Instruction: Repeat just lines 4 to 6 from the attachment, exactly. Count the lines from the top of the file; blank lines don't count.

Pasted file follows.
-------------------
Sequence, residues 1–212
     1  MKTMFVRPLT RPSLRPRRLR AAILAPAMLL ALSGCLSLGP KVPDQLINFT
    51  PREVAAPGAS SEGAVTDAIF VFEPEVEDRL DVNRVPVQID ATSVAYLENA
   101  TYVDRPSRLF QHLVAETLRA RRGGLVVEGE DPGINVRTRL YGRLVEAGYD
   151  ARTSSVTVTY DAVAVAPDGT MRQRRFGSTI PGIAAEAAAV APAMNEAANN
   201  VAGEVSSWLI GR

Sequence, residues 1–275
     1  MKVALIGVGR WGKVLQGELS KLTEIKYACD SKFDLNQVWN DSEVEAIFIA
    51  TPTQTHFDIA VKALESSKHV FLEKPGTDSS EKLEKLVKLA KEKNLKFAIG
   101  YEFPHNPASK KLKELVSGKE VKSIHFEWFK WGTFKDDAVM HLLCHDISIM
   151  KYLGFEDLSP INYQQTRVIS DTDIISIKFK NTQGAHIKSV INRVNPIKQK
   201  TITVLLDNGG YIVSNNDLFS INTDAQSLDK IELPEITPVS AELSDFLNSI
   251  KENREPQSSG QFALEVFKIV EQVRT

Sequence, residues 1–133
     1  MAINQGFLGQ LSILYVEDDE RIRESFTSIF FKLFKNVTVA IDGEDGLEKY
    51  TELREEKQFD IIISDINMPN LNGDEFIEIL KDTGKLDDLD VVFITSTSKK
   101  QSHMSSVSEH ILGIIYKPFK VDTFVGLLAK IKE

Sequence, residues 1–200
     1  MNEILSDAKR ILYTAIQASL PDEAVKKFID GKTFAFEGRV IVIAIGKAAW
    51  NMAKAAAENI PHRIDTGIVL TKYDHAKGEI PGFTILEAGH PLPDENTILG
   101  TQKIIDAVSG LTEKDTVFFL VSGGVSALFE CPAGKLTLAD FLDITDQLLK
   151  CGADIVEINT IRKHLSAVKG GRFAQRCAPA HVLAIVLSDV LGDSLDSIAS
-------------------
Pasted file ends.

   101  TYVDRPSRLF QHLVAETLRA RRGGLVVEGE DPGINVRTRL YGRLVEAGYD
   151  ARTSSVTVTY DAVAVAPDGT MRQRRFGSTI PGIAAEAAAV APAMNEAANN
   201  VAGEVSSWLI GR